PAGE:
JJC put up a valiant fight as well: for a few tense minutes, JJC’s players managed to press deep into our team’s  half of the field and sought to score a goal, but good defending on RI’s part by Captain Victoria Goh (#10, 15S03S) sent the ball out of our half and back into JJC’s territory. The next few minutes saw the ball in a constant back-and-forth between JJC’s and RI’s territory. It ended with JJC claiming their first goal of the match, kicking in a well-positioned shot past the RI goalkeeper. The team quickly regained their momentum and went back on the offensive, showing skillful control over the ball and deft footwork. The team made multiple good runs, but were unfortunately unable to get past JJC’s defence; the game went into the halftime break with RI leading at 2-1.

Just a minute into the second half, Simone Sim (#3, 15S03H) scored her second goal with an assist from K Keerthana (#7, 15S06D). RI continued to dominate play, riding the momentum to a fourth goal by K Keerthana (#7, 15S06D). In response, JJC rallied, putting in a well-placed high ball that gained them their second goal of the match and forced RI to go on the defensive. The team soon regained their advantage – solid defence and sharp attack prevented JJC from penetrating too deeply into RI’s half, and gave the RI attackers chances to further widen the scoreline.

Goh Ming Wei (#9, 16S06F) taking a free kick.

25 minutes into the second half, the team managed to once again pull ahead of JJC, with Beatrice Yip (#17, 15S03M) propelling the ball past the JJC goalkeeper’s outstretched arms into the back of the net with a low shot. This brought the scoreline to 5-2 to Raffles. Tensions ran high as the game went into the last 10 minutes. Clashes and tumbles were not uncommon – at one point, a JJC player appeared to push one of our team’s players, prompting shouts of ‘Foul!’ from the stands. The team managed to contain JJC by constantly intercepting their passes, keeping gameplay in their half of the pitch. As the match progressed, JJC’s players appeared to willingly concede throw-ins, kicking the ball out of play whenever RI’s attackers got too close for comfort – most likely in a bid to halt the progression of the RI attackers.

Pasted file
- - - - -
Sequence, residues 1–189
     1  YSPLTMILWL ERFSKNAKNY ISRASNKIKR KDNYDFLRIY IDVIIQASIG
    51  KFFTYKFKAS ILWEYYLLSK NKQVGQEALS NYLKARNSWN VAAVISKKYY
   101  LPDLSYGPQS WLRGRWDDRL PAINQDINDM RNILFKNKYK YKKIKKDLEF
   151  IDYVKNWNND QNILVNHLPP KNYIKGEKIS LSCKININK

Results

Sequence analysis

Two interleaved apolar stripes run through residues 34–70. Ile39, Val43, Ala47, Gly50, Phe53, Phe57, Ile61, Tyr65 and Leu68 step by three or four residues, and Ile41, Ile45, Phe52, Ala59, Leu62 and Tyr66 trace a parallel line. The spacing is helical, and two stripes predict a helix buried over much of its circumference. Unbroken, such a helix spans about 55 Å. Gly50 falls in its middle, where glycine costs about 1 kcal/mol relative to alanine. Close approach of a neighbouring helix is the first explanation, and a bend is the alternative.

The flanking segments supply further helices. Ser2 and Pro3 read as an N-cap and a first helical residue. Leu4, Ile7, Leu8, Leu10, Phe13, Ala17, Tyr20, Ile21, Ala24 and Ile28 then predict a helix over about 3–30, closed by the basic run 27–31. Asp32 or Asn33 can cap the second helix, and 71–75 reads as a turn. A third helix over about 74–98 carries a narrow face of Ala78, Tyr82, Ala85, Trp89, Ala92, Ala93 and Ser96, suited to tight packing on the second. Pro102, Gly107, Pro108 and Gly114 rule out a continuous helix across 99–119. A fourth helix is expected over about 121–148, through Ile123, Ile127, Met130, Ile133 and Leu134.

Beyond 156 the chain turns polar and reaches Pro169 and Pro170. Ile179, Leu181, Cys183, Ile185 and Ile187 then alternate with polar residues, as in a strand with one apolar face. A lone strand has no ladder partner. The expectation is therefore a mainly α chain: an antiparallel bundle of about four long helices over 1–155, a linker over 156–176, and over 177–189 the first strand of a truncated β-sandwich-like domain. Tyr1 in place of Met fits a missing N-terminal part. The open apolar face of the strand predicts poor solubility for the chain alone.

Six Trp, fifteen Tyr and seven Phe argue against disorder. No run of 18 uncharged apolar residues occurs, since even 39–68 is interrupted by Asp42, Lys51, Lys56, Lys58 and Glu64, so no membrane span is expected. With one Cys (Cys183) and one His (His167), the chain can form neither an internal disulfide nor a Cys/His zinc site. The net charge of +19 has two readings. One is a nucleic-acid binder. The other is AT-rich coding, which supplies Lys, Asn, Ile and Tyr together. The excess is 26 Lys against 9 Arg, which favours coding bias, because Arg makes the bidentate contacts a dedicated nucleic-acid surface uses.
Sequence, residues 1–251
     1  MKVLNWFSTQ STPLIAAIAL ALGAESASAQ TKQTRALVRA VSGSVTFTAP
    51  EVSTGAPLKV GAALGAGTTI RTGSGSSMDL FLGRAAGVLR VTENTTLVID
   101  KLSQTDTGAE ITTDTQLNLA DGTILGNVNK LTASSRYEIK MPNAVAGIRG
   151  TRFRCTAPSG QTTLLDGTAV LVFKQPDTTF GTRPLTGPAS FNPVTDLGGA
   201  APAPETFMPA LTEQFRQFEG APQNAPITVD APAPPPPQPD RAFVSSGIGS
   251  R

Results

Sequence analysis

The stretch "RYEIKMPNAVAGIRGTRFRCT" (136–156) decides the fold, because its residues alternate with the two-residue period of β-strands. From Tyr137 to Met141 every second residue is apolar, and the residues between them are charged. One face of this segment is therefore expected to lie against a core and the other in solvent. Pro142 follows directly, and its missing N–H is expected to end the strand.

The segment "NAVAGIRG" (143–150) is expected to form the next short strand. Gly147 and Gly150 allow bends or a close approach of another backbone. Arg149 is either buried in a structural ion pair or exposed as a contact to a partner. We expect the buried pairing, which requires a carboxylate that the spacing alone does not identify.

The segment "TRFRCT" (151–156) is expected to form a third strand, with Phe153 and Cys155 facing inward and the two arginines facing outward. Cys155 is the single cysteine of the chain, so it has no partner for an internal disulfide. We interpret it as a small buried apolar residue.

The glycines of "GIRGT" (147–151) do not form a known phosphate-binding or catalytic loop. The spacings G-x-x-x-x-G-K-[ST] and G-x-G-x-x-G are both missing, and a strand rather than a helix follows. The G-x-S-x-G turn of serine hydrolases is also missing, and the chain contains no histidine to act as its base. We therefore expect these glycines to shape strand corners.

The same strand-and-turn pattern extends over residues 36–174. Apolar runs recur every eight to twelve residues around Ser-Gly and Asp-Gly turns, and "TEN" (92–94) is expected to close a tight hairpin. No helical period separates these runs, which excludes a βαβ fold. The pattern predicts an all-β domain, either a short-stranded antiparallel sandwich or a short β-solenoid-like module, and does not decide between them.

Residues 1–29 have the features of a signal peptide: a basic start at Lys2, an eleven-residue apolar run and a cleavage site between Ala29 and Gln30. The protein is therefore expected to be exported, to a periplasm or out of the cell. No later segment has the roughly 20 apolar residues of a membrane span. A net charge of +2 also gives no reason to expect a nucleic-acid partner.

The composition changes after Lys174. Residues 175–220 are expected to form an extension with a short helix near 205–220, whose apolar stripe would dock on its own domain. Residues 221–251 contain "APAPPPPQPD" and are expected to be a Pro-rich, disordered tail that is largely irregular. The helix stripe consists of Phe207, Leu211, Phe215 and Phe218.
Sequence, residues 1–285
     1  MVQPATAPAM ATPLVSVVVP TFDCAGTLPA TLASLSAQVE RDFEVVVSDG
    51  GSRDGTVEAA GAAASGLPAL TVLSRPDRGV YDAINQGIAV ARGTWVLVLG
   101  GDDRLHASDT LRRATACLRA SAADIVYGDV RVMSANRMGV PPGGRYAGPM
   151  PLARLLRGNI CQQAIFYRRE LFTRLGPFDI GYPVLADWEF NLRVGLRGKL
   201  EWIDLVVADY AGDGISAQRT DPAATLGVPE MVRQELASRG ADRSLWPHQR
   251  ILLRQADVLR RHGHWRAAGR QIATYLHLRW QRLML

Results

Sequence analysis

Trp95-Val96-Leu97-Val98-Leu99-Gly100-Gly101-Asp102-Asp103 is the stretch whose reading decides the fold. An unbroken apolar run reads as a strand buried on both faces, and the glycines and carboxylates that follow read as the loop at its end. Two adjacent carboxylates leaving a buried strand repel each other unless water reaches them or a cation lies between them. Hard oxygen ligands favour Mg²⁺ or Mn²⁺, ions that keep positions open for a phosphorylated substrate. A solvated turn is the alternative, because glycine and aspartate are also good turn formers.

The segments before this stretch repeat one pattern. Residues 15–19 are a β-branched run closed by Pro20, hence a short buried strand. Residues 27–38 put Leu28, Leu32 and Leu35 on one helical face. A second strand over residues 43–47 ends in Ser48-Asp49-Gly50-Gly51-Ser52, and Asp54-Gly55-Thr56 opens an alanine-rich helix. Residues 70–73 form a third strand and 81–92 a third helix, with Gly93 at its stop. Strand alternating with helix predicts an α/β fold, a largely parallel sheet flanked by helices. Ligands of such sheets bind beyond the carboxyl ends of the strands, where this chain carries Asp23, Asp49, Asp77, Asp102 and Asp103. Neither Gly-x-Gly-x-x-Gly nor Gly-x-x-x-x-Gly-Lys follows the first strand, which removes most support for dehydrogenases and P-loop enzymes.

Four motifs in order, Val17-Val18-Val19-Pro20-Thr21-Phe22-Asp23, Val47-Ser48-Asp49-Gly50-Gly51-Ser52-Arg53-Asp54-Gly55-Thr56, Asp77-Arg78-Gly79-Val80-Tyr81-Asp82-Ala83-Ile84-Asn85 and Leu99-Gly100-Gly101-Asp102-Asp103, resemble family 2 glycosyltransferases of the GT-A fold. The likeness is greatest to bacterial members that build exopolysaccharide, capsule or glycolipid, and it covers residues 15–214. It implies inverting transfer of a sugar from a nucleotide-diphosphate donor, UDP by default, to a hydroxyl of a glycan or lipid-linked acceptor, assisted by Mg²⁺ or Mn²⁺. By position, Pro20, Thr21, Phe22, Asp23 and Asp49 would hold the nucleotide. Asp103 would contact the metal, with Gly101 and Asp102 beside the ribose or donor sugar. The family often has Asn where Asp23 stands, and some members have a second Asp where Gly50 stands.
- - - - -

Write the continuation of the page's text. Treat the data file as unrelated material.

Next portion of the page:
Raffles scores a goal.
Raffles scores a goal.

In the dying moments of the game, JJC’s players fought hard to make a comeback, but were ultimately unable to narrow the gap in the scoreline. 3 minutes of extra time were called; despite finding themselves trailing 5-2, JJC commendably pushed on, striving to equalise the score – but they could find no chink in the armour of our team’s unyielding defense. The match concluded with the girls securing a decisive victory.